Early on — let’s say no more than twenty- to twenty-five percent of the way in to your story (quicker is good, too!) — your hero is going to cross an important threshold.
You'll often hear it called it the act break. It’s the dividing line between our old friend, “the beginning,” and that murky expanse known as “the middle.”
Crossing this line is so much more thrilling than these words convey! Quite simply, your hero leaves the world they've known and enters new territory. This is the world of the adventure, the training ground, the quest.
It is a wildly different place, with new rules and new dangers, populated with allies and adversaries. It is designed (by you, of course!) to test your hero to the core, and bring them step by hard-earned step along the incremental journey of change.
It might literally be a new world — Oz, perhaps? — or a long and difficult quest, like the one Bilbo...
Imagine if you will: You're in a serious funk, and for good reason. Your father has died (the circumstances? Mysterious!), and his death should have made you king, but your creepy uncle swooped in and married your mother and now it's creepy uncle who's king, not you.
And now your best friend, your ride-or-die, has come to you with a wild tale: A ghost has been spotted by the guards, not once, not twice, but three nights in a row, wandering the ramparts of the castle. Your pal (we’ll call him Horatio) has seen it with his own eyes.
Dude, says Horatio. I'm serious. It looks like your Dad. You need to come talk to the ghost.
Who wouldn't want to keep reading a story that starts like that? Our hero Hamlet is in a pickle for sure, but good storytelling demands that he DO something about it.
You need to come talk to the ghost. Hamlet does so, only to have the ghost challenge him to even bigger task: I was murdered, the ghost tells...
“Stories are about conflict.” Did someone teach you that in a high school English class? I think we’ve all heard it. Rising conflict, falling conflict, sideways conflict...
The problem with this statement is that writers can take it to mean stories are about arguments. I say yes, you say no. That's conflict, sure. But where’s the story?
You’ve already heard me say that stories are about transformation. Something’s got to change. And change is not easy. People and systems resist change. Call it Newton’s first law of storytelling: Objects in motion tend to stay at motion, objects at rest tend to stay at rest.
To overcome this inertia takes a ton of energy. Your hero’s deep need for change is the source, but your hero’s goal (or mission) is what focuses that diffuse glow into the laser beam of story.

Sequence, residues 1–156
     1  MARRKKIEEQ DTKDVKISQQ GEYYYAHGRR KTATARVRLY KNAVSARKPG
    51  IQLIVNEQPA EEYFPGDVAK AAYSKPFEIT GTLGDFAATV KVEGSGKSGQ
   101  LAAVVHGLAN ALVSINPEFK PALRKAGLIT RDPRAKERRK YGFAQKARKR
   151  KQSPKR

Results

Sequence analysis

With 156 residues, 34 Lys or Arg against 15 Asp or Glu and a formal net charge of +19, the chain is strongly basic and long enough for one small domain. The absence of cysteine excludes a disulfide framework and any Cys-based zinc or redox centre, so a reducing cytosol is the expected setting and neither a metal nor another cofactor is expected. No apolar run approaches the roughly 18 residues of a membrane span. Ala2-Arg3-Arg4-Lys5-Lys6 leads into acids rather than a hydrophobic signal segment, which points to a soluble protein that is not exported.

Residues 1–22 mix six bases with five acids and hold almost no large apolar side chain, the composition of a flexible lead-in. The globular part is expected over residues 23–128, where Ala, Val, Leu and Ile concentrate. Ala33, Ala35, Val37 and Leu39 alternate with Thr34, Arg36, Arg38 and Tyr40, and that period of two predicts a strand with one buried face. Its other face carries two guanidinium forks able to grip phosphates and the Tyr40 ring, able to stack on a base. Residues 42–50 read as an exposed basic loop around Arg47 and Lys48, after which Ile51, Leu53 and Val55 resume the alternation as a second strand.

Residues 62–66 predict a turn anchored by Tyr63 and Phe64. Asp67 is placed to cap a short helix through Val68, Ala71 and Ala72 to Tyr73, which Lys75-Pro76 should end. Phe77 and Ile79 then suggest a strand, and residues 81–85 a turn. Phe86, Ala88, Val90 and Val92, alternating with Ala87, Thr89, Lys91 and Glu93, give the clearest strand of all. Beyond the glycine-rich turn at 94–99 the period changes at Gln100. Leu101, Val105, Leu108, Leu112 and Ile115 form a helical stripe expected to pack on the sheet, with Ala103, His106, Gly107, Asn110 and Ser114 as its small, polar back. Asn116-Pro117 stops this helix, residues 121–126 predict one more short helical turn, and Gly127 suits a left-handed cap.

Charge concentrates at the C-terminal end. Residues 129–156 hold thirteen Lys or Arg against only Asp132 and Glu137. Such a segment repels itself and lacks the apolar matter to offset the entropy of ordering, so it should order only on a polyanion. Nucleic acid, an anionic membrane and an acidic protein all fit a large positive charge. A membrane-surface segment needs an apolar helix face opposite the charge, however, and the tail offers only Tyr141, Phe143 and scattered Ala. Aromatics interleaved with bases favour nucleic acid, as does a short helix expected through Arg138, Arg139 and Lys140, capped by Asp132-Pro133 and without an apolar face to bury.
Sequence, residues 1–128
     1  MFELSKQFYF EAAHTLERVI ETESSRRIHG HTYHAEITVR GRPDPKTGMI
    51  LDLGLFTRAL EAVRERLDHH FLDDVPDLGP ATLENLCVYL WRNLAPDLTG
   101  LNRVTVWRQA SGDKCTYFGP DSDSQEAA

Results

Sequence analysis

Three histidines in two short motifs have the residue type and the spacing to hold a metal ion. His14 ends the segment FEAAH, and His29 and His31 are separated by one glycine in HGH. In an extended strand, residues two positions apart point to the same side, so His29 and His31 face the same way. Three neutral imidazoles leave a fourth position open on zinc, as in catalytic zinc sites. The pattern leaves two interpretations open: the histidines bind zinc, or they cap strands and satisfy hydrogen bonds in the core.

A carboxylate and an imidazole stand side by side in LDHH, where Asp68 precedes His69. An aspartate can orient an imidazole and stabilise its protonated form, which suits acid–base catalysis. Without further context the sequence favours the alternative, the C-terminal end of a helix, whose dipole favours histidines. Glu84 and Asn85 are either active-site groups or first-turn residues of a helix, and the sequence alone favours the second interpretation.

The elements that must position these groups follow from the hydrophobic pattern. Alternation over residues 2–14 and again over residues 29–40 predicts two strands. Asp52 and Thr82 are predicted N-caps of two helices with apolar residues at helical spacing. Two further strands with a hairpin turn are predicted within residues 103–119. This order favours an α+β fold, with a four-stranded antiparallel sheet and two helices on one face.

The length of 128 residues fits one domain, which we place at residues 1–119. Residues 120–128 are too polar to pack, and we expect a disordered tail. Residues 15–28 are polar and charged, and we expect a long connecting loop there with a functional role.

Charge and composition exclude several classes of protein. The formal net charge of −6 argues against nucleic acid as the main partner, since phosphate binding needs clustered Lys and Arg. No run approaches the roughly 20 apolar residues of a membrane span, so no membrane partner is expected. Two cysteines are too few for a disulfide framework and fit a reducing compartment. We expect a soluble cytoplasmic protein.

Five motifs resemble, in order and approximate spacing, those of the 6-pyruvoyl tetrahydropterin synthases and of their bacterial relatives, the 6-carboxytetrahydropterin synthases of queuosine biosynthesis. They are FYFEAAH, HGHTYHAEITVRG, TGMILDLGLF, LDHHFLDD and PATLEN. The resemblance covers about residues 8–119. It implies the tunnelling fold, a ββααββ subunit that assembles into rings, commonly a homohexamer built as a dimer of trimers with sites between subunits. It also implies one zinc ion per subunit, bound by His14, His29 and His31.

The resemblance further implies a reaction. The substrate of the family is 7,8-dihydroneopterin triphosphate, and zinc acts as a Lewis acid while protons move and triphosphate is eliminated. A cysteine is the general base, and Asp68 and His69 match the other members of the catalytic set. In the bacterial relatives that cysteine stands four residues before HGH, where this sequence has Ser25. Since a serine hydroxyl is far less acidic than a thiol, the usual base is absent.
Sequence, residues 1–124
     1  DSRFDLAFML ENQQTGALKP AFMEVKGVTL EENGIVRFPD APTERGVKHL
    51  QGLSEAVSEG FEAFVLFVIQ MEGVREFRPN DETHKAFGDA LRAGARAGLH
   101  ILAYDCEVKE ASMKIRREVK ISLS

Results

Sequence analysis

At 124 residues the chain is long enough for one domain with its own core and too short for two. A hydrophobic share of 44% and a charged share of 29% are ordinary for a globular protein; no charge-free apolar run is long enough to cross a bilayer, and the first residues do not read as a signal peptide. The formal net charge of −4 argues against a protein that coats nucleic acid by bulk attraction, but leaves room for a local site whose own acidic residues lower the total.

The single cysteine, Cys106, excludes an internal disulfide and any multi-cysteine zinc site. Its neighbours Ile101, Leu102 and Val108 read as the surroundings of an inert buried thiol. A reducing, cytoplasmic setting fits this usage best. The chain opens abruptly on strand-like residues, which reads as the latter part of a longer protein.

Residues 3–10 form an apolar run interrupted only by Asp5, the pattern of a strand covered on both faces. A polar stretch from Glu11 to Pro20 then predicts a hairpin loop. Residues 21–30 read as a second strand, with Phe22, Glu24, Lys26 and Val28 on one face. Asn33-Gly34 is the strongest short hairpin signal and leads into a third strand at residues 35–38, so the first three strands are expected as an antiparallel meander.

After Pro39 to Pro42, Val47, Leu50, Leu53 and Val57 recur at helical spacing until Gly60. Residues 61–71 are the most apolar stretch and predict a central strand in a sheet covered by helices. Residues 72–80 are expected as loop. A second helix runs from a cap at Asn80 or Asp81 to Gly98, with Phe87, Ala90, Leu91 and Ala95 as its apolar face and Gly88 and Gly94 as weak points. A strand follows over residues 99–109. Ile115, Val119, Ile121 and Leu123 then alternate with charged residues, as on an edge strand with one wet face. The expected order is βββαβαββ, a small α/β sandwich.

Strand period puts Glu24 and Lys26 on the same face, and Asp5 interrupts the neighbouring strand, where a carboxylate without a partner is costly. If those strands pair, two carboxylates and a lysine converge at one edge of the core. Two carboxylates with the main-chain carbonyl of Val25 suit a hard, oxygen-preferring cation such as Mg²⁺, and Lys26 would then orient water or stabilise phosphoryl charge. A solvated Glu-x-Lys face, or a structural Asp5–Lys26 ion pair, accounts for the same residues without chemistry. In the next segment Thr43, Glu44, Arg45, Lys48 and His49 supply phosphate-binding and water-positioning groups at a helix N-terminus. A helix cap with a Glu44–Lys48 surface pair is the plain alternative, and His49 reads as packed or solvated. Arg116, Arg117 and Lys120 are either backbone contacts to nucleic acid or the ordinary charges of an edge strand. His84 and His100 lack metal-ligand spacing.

What do I mean by mission? If you're Meg Murry, your mission is...
Fern woke and sat up in bed; she stretched, she yawned. She checked the weather—damp again!— chose an outfit, and got dressed in her favorite blue shirt.
She wandered downstairs and wheedled some breakfast from her mother. "Say, Mother," she said, as they finished eating. "Where’s Poppa going with that axe?”
Sincere apologies to E. B. White! But this unfortunate opening—let’s say it’s from Charlotte's Web in the bizarro universe where Spock has a beard — while perfectly “correct” in a grammatical sense, commits an all-too-common faux pas. It wastes words and the reader’s precious attention by clearing its throat and taking a bunch of practice swings while the STORY is just sitting there on the table getting cold.
“Where’s Poppa going with that axe?” is where this story begins. There is no need to start sooner. We can assume Fern gets up in the morning and gets dressed before...
Tone is everything, isn’t it?
If I say “what’s wrong with you?” in a rude way, it implies both that I think there IS something wrong with you, and that I have an opinion about it!
Yet a different, warmer, more curious intonation might be an expression of care. I can see something's wrong, and I want to know more.
This kinder, gentler way is the stance we must take toward our protagonists. I like to call them heroes, for reasons that will be made clear as these tips progress. Protagonist, main character, hero — look, you know who I mean. Your story is bound to have one.
And whoever that hero is — something’s wrong. Something is drastically, urgently, things-can’t-go-on-like-this wrong.
It might be something obvious (your horrible uncle hates you and makes you live in a cupboard under the stair, oh and you're an orphan too, long story! ) — or more subtle (you don’t actually mind being a...
A blank page just brings out the graffiti artist in me. Put a mark on it, quick!
But here’s the thing: writing is not made out of marks on a page. It's not made out of letters, words, sentences, paragraphs.
Good writing is made out of story. Character. Emotion. Transformation.
In a well-told tale, there’s a palpable energetic shift as both hero and reader journey from where we are at the beginning to where we end up at the tale’s thrilling, surprising, yet inevitable conclusion.
An axis has shifted. The transformation is profound and irrevocable. This tale has taken both protagonist and reader on an adventure of meaningful change.
TODAY’S TIP: Words are easily tidied up in revisions. In a first draft, dig deep and discover what happens. Your hero’s adventure may be bigger, wilder, and deeper than it first appears. What is it?
Storytellers, start your engines!
Sure, there’s STUFF going on this month. Big stuff. Election stuff, holiday stuff, pumpkin spice latte stuff.
But to those of us in the writer tribe, what November really means is NaNoWriMo.
I have several thoughts to share about NaNoWriMo.